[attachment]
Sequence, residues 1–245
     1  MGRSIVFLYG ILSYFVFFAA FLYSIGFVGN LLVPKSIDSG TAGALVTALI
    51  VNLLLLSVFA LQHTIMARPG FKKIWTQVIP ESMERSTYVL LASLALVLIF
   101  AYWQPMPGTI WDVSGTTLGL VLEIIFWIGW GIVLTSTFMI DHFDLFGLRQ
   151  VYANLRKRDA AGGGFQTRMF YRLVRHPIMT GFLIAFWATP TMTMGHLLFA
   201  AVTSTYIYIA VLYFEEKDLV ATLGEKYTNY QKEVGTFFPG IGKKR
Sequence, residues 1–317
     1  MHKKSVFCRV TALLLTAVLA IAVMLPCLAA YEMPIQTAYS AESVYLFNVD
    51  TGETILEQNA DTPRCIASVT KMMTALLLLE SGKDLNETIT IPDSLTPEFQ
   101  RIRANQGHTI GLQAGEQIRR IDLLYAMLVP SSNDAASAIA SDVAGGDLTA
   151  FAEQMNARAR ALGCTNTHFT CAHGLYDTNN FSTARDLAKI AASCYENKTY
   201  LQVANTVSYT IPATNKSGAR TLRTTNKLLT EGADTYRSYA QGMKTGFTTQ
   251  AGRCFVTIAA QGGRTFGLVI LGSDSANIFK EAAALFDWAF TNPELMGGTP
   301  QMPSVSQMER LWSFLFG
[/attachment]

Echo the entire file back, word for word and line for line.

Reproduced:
Sequence, residues 1–245
     1  MGRSIVFLYG ILSYFVFFAA FLYSIGFVGN LLVPKSIDSG TAGALVTALI
    51  VNLLLLSVFA LQHTIMARPG FKKIWTQVIP ESMERSTYVL LASLALVLIF
   101  AYWQPMPGTI WDVSGTTLGL VLEIIFWIGW GIVLTSTFMI DHFDLFGLRQ
   151  VYANLRKRDA AGGGFQTRMF YRLVRHPIMT GFLIAFWATP TMTMGHLLFA
   201  AVTSTYIYIA VLYFEEKDLV ATLGEKYTNY QKEVGTFFPG IGKKR
Sequence, residues 1–317
     1  MHKKSVFCRV TALLLTAVLA IAVMLPCLAA YEMPIQTAYS AESVYLFNVD
    51  TGETILEQNA DTPRCIASVT KMMTALLLLE SGKDLNETIT IPDSLTPEFQ
   101  RIRANQGHTI GLQAGEQIRR IDLLYAMLVP SSNDAASAIA SDVAGGDLTA
   151  FAEQMNARAR ALGCTNTHFT CAHGLYDTNN FSTARDLAKI AASCYENKTY
   201  LQVANTVSYT IPATNKSGAR TLRTTNKLLT EGADTYRSYA QGMKTGFTTQ
   251  AGRCFVTIAA QGGRTFGLVI LGSDSANIFK EAAALFDWAF TNPELMGGTP
   301  QMPSVSQMER LWSFLFG